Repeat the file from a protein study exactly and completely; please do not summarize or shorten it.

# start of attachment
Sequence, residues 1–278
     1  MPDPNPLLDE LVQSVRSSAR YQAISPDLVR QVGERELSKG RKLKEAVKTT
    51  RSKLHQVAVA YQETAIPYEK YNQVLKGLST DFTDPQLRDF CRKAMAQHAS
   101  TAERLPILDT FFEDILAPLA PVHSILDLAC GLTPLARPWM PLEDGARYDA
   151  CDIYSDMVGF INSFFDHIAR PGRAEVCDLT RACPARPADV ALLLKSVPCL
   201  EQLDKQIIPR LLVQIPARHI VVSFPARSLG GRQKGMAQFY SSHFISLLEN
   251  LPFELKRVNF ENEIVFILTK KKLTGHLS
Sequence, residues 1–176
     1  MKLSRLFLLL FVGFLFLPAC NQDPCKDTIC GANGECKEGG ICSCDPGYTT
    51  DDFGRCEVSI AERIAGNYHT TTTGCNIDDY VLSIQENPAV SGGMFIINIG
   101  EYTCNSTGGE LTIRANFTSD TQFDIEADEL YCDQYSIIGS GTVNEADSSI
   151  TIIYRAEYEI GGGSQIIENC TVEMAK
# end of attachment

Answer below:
Sequence, residues 1–278
     1  MPDPNPLLDE LVQSVRSSAR YQAISPDLVR QVGERELSKG RKLKEAVKTT
    51  RSKLHQVAVA YQETAIPYEK YNQVLKGLST DFTDPQLRDF CRKAMAQHAS
   101  TAERLPILDT FFEDILAPLA PVHSILDLAC GLTPLARPWM PLEDGARYDA
   151  CDIYSDMVGF INSFFDHIAR PGRAEVCDLT RACPARPADV ALLLKSVPCL
   201  EQLDKQIIPR LLVQIPARHI VVSFPARSLG GRQKGMAQFY SSHFISLLEN
   251  LPFELKRVNF ENEIVFILTK KKLTGHLS
Sequence, residues 1–176
     1  MKLSRLFLLL FVGFLFLPAC NQDPCKDTIC GANGECKEGG ICSCDPGYTT
    51  DDFGRCEVSI AERIAGNYHT TTTGCNIDDY VLSIQENPAV SGGMFIINIG
   101  EYTCNSTGGE LTIRANFTSD TQFDIEADEL YCDQYSIIGS GTVNEADSSI
   151  TIIYRAEYEI GGGSQIIENC TVEMAK